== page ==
PARTY for National Unity and Progress (PNUP) leader Highvie Hamududu says the effects of UPND policies will only be felt mid 2022, after which job creation will begin to pick up.

In an interview, Monday, Hamududu likened an economy to a sick person who could not be healed immediately after taking medication.

“No, it’s too early to judge that. Economists don’t work like that, there is a timeline. These colleagues must put the right policies in place now, the effect of their policies will only be felt mid-year, next year. Implementation of policies through the budget will begin on the first of January, 2022. That’s when the policies to reboot the economy will be much clearer. If the policies will be correct, growth-oriented, jobs will begin to pick up mid-year as the industry responds to policies and puts mechanisms to respond to the policies. That’s how economies work,” he said.

“Economy is like a human body, you can’t be healed immediately you take medicine, it takes time for the body to accept the medicine and have an effect on healing. There is a time lag between the time you are given the medicine to the time the medicine will have an effect, if the medicine is the correct one. So just like the economy, if the policies are correct you will not have the results now, there is a time lag. Give it for example six months for things to start picking up, an economy does not grow through abracadabra.”

The opposition leader agreed with government that jobs could only be created once the economy stabilised and begun to grow.

“Economic development requires sequencing. First of all, jobs will take a little time, that’s a fact. The country must attain macroeconomic stability, that’s how it works. The economy first must be stabilized and begin to grow. Jobs are a production of growth. So the President was right. He might have used strong language, it was not necessary, but he was right. Jobs are a creation of growth, the main logical assignment of this government is to attain macroeconomic stability. We need to reduce the cost of production. For example, the price of fertilizer won’t come down until the exchange rate comes down because we import fertilizer, including inputs for manufacturing fertilizer. Therefore, this requires a favorable exchange rate and that can only happen at this time with some extra support and that’s why IMF becomes necessary because of the urgency of the matter to attain macroeconomic stability,” he said.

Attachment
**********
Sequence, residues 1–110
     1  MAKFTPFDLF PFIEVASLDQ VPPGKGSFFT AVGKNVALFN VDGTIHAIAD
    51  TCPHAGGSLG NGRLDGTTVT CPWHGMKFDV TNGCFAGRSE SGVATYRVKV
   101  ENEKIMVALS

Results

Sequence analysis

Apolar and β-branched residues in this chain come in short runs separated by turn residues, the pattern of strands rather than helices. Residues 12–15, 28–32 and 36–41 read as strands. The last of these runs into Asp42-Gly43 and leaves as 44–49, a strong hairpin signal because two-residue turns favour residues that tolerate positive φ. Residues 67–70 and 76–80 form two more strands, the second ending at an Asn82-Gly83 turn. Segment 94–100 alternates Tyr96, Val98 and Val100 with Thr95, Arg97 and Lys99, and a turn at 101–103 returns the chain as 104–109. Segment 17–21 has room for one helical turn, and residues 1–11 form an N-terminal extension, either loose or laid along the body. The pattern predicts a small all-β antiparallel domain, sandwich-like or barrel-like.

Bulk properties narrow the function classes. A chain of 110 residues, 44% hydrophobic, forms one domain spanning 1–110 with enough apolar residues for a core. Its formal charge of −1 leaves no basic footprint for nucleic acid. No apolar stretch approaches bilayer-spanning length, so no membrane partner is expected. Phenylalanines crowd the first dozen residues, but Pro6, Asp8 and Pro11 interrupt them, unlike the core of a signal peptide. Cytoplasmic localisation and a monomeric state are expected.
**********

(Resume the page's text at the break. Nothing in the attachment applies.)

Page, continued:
Hamududu said an IMF bailout package was necessary as the country tries to attain macroeconomic stability.

“You can see that we need to stabilize the currency, begin to reduce the budget deficit because that is what is causing all this instability. Begin to address issues of the debt so that we can have enough forex in the country. And that is why we need the IMF at this stage. The IMF is actually to fill the gap because forex won’t be earned overnight. This equilibrium we have between the supply and demand for forex needs an intervention and that’s why the IMF comes in as a stabilizer,” said Hamududu.

“IMF becomes necessary because of the urgency of the matter to attain macroeconomic stability. Even if we reboot the mining sector by putting in the right fiscal regime, an increase in production won’t happen overnight. There is always a time between the right policy and the results. We are into the rainy season now and mining slows down because of the rain. Most of these mines are open pits and when it rains, it will take time to pick up production. So we need that fiscal regime and even if there are high prices for copper, the response will only come after some months because people have to rearrange production. So in the meantime, we need this IMF to give us quicker stabilization because people need recovery as quickly as possible.”